Schloss Johannisberg

Schloss Johannisberg is a winery in the Rheingau wine-growing region in Germany, that has been making wine for over 900 years.. The winery is most noted for its claim to have "discovered" late harvest wine.


A mountain on the north bank of the River Rhine near Mainz has been associated with the Church and with winemaking since the Dark Ages, when Ludwig der Fromme ("Louis the Pious") made 6000 litres of wine during the reign of Charlemagne. In 1100, Benedictine monks completed a monastery on the Bischofsberg ("Bishop's") mountain, having identified the site as one of the best places to grow vines. 30 years later they built a Romanesque basilica in honour of John the Baptist, and the hill became known as Johannisberg (John's mountain). It was constructed according to similar floor plans as its mother house,St. Alban's Abbey, Mainz. As such the monsatery was a prime target for the Anabaptists in the Peasants' War of 1525, and it was destroyed.

In 1716 Konstantin von Buttlar, Prince-Abbot of Fulda, bought the estate from Lothar Franz von Schönborn, started construction of the baroque palace, and in 1720 planted Riesling vines, making it the oldest Riesling vineyard in the world. The estate changed hands several times during the Napoleonic Wars, but in 1816 the Holy Roman Emperor, Francis II, gifted it to the great Austrian statesman Prince von Metternich.

The estate remains in the hands of the Oetker family today. The buildings were almost completely destroyed by air raids on Mainz in 1942, and after the war took twenty years to reconstruct. There are currently about 80 acres of vineyard.

Late harvest wines

Tradition has that a messenger from the Abbey of Fulda was late in bringing papers to give the workers permission to harvest the grapes. One story is that he was robbed en route. By this time the grapes had become affected with the "noble rot" Botrytis cinerea. The rotted grapes were then given to the local peasants who ended up making wine of high quality. In 1775, Schloss Johannisberg made the first Spätlese level Riesling followed by an Auslese level wine in 1787 and an Eiswein in 1858. Unfortunately for the Germans, the Tokay classification of 1730 relied in part on an area's propensity to noble rot, which suggests that the Hungarians got there first.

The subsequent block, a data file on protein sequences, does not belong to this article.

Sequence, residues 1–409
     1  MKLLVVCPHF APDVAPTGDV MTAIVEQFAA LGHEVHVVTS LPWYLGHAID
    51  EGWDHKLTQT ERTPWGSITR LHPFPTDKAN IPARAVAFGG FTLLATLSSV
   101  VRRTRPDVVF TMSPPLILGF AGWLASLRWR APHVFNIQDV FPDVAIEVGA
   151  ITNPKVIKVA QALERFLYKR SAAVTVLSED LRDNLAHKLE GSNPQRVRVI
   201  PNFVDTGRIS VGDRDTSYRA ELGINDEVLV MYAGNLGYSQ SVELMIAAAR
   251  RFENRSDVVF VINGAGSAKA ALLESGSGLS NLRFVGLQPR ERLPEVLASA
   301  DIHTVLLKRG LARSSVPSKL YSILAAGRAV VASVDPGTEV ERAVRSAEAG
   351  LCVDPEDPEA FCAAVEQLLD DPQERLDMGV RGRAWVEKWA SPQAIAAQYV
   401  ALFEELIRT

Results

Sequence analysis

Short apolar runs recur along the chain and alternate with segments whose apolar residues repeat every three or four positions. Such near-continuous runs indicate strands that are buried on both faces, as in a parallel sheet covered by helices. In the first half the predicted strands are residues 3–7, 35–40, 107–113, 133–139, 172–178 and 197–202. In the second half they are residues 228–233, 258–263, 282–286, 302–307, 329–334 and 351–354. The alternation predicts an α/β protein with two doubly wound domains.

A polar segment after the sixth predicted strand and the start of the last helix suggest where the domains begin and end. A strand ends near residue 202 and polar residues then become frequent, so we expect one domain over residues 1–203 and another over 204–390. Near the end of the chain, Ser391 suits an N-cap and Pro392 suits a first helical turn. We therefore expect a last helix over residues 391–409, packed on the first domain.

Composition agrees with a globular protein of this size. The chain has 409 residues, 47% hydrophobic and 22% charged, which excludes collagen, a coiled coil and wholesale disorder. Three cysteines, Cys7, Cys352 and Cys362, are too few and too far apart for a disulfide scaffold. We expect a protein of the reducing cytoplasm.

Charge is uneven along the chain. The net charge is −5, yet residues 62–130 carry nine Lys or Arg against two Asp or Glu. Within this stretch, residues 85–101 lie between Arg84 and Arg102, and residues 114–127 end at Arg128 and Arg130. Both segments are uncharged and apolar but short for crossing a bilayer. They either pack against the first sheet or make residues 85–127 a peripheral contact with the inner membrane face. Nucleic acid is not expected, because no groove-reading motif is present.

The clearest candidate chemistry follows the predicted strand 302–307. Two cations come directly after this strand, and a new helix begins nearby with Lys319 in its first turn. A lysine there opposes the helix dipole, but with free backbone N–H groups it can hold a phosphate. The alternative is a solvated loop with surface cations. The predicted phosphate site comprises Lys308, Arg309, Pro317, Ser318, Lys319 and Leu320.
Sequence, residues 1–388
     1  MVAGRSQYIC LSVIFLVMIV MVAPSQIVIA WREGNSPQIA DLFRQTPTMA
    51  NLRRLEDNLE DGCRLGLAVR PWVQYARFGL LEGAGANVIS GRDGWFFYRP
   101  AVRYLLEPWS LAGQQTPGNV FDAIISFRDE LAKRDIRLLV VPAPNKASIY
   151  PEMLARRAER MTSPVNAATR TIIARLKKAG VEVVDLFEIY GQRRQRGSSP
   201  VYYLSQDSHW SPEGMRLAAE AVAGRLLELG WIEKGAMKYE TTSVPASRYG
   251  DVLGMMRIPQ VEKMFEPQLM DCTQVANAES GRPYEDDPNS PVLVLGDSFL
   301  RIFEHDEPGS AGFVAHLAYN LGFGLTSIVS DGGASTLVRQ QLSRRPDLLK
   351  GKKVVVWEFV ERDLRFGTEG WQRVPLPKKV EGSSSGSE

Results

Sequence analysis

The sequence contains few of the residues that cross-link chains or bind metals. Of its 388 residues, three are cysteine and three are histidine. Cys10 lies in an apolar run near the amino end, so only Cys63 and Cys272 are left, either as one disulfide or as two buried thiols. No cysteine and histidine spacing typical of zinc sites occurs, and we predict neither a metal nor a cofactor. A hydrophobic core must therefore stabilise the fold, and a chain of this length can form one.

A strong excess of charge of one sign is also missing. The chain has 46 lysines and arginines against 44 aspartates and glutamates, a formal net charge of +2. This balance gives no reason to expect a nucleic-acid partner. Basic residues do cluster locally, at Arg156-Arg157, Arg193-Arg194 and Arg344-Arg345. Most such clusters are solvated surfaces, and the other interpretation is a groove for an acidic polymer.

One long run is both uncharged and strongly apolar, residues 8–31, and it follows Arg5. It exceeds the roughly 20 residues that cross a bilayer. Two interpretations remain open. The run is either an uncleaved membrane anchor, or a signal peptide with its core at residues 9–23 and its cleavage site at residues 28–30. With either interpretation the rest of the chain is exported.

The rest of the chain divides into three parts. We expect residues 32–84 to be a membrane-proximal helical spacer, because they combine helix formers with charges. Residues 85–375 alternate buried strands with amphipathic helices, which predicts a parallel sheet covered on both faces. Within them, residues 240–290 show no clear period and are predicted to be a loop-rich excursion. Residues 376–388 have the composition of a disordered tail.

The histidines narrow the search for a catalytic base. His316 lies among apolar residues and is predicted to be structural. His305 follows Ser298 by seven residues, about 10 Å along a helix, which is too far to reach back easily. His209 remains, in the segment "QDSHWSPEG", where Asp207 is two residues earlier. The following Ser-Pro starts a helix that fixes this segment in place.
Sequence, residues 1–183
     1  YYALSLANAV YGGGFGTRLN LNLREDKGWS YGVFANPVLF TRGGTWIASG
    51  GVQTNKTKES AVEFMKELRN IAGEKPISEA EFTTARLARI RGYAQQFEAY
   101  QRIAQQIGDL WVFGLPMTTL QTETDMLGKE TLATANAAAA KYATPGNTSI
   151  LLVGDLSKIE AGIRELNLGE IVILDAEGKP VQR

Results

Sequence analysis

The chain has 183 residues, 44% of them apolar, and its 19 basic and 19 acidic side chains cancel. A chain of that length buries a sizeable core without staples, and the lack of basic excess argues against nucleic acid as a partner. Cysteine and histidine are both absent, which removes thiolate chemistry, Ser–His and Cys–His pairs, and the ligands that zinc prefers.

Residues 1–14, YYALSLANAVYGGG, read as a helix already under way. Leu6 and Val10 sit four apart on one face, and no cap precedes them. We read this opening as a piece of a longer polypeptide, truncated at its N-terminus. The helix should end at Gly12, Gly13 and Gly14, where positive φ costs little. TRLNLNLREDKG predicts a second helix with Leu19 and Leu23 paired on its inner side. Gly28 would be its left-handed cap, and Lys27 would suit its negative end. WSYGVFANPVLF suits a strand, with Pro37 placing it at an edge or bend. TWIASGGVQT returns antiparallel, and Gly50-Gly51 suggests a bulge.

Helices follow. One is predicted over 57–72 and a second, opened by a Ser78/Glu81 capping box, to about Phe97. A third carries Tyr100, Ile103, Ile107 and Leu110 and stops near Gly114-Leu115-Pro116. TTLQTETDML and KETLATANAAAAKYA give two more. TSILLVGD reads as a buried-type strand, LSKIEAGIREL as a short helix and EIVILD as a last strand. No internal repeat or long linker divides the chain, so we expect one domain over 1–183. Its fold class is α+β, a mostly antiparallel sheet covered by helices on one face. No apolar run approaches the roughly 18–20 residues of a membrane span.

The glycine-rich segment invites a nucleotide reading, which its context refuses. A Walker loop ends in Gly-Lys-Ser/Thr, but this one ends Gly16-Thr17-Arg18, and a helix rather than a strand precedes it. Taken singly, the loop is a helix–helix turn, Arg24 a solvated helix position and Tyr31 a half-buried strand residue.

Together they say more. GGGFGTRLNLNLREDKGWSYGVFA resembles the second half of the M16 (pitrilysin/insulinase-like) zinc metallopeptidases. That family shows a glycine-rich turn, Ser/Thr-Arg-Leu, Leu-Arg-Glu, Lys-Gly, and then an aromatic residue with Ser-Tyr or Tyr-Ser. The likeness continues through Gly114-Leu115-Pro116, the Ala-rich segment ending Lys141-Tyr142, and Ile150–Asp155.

Historically the estate used different colour seals for different ripenesses of grapes. These classifications were used as the basis for the new German wine classification of 1971, thus :

Seal Classification
Yellow Qualitätswein
Red Kabinett
Green Spätlese
Pink Auslese
Pink-gold Beerenauslese
Gold Trockenbeerenauslese
Blue Eiswein


The 35ha of vineyards consist of a loam-loess topsoil lying on a Taunus quartzite.


The estate offers guided tours with tastings, a wine bar, shop, and various special events.


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